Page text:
Category Archives: Education / Youth

The Vouchers Scam

A recent state report and a blistering–and entirely correct–blog post from Doug Masson pretty much destroy the myth that Indiana’s school vouchers do anything for poor children, or were really intended for use by children “trapped” in failing schools.

The 2018-19 voucher report from Indiana’s Department of Education includes the information that there are over 1,300 households receiving vouchers that have incomes over $100,000. That means those households are in the top twenty percent of Hoosiers by income.

It’s impossible to read the report without concluding that Indiana’s voucher program was purposely constructed to evade the constitutional prohibition against government support for religion–designed to allow taxpayer dollars to be diverted from the state’s public schools and used to promote religious education. (Nearly all of the participating private schools are religious.)

Indiana’s voucher program costs taxpayers $161.4 million and disproportionately serves white children, many of whom are clearly not “escaping failing schools” because–despite lawmakers’ original promises– they never attended public school.

As Doug Masson wrote, after reading the report:

This reinforces my view that the real intention of voucher supporters was and is: 1) hurt teacher’s unions; 2) subsidize religious education; and 3) redirect public education money to friends and well-wishers of voucher supporters. Also, a reminder: vouchers do not improve educational outcomes. I get so worked up about this because the traditional public school is an important part of what ties a community together — part of what turns a collection of individuals into a community. And community feels a little tough to come by these days. We shouldn’t be actively eroding it.

Vouchers have now been around long enough to allow for a fair amount of academic research, and–as Doug points out–that research has pretty thoroughly rebutted the assumption that sending children to private religious schools would lead to improvement in classroom performance. At best, students post academic results that are the same as those of their peers who attend public schools, and in several studies, academic outcomes were actually worse.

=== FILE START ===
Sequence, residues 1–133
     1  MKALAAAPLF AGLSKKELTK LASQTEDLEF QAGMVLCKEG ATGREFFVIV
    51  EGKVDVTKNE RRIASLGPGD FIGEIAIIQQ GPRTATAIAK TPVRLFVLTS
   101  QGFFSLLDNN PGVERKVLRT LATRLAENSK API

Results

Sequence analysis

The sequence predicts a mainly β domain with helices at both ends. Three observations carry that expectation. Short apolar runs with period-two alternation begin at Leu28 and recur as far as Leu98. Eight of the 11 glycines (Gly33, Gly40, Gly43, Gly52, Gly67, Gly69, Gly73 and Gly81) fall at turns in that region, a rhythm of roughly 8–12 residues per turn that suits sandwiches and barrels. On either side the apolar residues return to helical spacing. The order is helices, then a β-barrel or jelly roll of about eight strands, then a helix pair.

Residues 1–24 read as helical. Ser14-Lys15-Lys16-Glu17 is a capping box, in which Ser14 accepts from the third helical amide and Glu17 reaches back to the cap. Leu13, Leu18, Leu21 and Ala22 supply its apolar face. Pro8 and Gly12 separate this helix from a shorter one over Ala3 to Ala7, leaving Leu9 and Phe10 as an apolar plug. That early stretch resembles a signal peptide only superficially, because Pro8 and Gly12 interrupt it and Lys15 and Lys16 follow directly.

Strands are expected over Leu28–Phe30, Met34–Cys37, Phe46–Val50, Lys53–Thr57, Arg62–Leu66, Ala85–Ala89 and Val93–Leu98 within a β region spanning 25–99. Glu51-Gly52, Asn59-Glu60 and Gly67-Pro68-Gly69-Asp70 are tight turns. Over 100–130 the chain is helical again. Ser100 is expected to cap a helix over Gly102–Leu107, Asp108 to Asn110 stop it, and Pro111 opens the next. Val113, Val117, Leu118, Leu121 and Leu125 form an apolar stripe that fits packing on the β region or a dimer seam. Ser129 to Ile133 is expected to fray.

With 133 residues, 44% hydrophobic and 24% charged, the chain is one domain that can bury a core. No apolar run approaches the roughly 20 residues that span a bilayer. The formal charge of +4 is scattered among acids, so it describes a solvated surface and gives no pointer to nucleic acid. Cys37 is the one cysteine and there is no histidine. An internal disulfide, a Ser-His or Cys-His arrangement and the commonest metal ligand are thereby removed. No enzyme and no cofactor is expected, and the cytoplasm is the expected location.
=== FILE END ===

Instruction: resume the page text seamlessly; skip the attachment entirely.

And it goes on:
What vouchers have done successfully is re-segregate student bodies, and there is some emerging evidence that avoiding racial integration was the real motive for a number of proponents. For others–notably, former Indiana Governor Mike Pence and Secretary of Education Betsy DeVos–the voucher program was a way to prop up the declining finances of Christian religious schools.

If they could also destroy the teachers’ unions, well, that was just icing on the cake.

For those looking to avoid integration or working to “bring children to Jesus” with our tax dollars, the rhetoric about giving poor families “choice” was a marketing ploy. (I do think it is interesting that conservatives who are such rabid proponents of individual choice when it comes to schooling and health care are so horrified at the prospect that pregnant women might also want to exercise it…)

The Department of Education’s report should be a wake-up call for Indiana’s lawmakers, but then, this is gerrymandered Indiana, where rural voters call the shots….and those elected to safe seats in the General Assembly feel free to prioritize their ideologies over the will of the voters.

 

 

 

You Go, Dan Forestal!

A recent report in the Indianapolis Star just warmed the cockles of my heart. (And before you ask, no, I have no idea what “cockles” are.)

Here’s what made me smile:

With the Indiana General Assembly back in session, one state lawmaker says he still intends to introduce legislation that would block public dollars from going to private schools that engage in discriminatory hiring practices.

The proposal by Rep. Dan Forestal, D-Indianapolis, comes in the wake of discrimination charges lobbed at Roncalli High School, a Catholic school overseen by the Archdiocese of Indianapolis. Forestal said he wants to see strings put on the state’s voucher program, which uses public dollars to offset to cost of tuition at Roncalli and other participating K-12 private schools.

I’ve written before about Indiana’s voucher program, which is by far the largest in the country, and the damage it is inflicting.  The funds supporting the program would otherwise go to Indiana’s chronically under-funded public schools; research confirms that the private schools participating in the voucher program have failed to improve the academic performance of the children attending them (that they would do so was the original justification for the program); and the program is a thinly-veiled constitutional “work-around” that permits tax dollars to flow to religious institutions. (Some 90% of participating private schools are religious.)

The bill that Representative Forestal proposes to introduce addresses another glaring defect of the voucher program: the lack of standards imposed on participating schools.

A colleague and I recently surveyed voucher programs operating around the U.S., in order to see whether any of those programs required participating schools to teach civics. You will probably not be surprised to learn that none did. I’m relatively confident that if we conducted a follow-up survey, we would be equally unable to find programs imposing non-discrimination requirements. Any nondiscrimination requirements, not just those protective of LGBTQ students and faculty.